4. Beware of committing yourself to an opinion. We are very liable to do this without being aware of it. There is a natural pride of consistency in many minds, that exposes them much in this direction. With some, once a thing is asserted it must be maintained; once having advanced an opinion they seem to be blind to every argument and fact that would disprove it. It is amazing to see how difficult it is to convince some minds on any subject upon which they have committed themselves to an opinion. Some young men have been here who seemed to be unable to yield an opinion. No argument or even demonstration could shake them. They seemed not to know what it meant to yield a point to which they were committed. The will has much more influence in forming our opinions than we are aware of - and in sustaining them when they are formed. The will commands the attention; it allows the attention to perceive and weigh arguments; it in a great measure controls the judgment; it selects and arranges those considerations that can support an opinion, and refuses the consideration of those that would overthrow it. Hence it is of the last importance that we should be on our guard against committing ourselves to an opinion until we have given it a thorough consideration. Especially is this true in respect to questions upon which it is plain that good and great men have differed. Some truths are too plain to admit of doubt. To them we may commit ourselves - and indeed we cannot avoid committing ourselves to them so far as opinion is concerned. But where there are two sides to a question, when there is room for doubt and debate and argument, then this should be our motto, "Hear both sides and then judge."

     5. Avoid calling in question first truths. These truths can in no way be proven, as we shall see, except by the perfection of their chronological antecedency. If we attempt to prove them by logic we shall often find it impossible. Who by logic can prove that time or space exists? Who by logic can prove that every event must have a cause? These truths cannot be proved for the reason that they are too evident to need any proof. There is nothing more simple and evident that can be laid down as premises from which they are to be deduced. They lie at the foundation of all reasoning, and are in themselves the major premises upon which we construct our syllogisms.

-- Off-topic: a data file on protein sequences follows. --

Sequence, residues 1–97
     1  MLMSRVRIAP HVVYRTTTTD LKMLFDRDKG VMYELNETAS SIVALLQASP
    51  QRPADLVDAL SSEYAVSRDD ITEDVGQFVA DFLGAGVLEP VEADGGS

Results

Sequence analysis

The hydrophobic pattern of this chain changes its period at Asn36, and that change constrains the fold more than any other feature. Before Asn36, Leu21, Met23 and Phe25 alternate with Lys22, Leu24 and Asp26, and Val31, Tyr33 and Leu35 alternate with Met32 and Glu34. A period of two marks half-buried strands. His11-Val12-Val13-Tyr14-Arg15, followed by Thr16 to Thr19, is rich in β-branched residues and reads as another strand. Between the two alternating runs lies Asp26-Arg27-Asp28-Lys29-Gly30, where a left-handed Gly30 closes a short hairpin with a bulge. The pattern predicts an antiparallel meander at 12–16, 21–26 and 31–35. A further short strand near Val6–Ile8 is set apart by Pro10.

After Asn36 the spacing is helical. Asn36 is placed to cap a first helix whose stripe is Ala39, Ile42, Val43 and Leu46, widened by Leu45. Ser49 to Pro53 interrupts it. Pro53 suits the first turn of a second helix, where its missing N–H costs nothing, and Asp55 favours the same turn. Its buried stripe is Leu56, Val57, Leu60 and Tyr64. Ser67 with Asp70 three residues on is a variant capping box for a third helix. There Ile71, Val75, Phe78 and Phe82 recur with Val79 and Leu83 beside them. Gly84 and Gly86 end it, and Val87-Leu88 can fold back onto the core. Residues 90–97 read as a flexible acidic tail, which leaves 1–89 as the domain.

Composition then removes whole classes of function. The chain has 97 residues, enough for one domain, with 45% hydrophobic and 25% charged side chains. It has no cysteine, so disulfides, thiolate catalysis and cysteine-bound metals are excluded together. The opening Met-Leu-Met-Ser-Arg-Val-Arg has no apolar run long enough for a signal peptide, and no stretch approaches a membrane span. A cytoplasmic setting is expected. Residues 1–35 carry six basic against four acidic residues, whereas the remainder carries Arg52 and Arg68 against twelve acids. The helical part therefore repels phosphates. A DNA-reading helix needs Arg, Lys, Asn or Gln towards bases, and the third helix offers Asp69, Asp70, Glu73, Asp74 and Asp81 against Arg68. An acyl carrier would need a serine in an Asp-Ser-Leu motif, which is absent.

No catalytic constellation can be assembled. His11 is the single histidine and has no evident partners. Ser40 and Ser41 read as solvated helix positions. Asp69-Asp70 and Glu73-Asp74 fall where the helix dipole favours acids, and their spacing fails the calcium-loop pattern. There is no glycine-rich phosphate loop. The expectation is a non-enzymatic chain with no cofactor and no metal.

If these truths are called in question, if proof is demanded of them, if you attempt to prove them and fail, as you most certainly will, it may lead you into universal doubt. Suppose you call in question your own existence and demand proof of it - you cannot prove it; and if as a condition of your believing it you must be able to prove it by any logical process, you must disbelieve it and settle down into universal skepticism.

     6. Avoid impatience at the ignorance or stupidity of your classmates. Regard yourselves as a band of brothers and as soldiers of Jesus Christ; consider yourselves as all interested to make the most of each other that can be made for the cause of God; be interested to develop and instruct each other that everyone may be the best soldier possible. Be not selfish, and willing to rush on and leave any one behind. Remember, if you go to the charge you need the whole strength of the army; and if you refuse to bear with patience the drill necessary to instruct and fit for service those that apprehend truth more slowly than you do, you will weaken the course which you are committed to support. Bear one another's burdens, therefore, and so fulfill the law of Christ. Endeavor with calmness and patience and perseverance to secure in every member of the class a thorough understanding of every position that is taken.

     7. Avoid an ambition to excel them in study and argument. An ambitious student is detestable. I mean one who manifests a selfish ambition; manifests a disposition to be a leader, to overshadow his class, and a pride when he thinks he rises above them and excels them as a student. Some students will even pride themselves in getting into a controversy with their teacher, and manifest a most unchristian deportment not to be instructed, but to overcome their teacher in argument. With some this seems to be a point, to get the reputation of teaching their teacher. If your teacher is in error, there is an unambiguous method of leading him to see it, and striving, not for mastery, but with a manifest searching for the truth.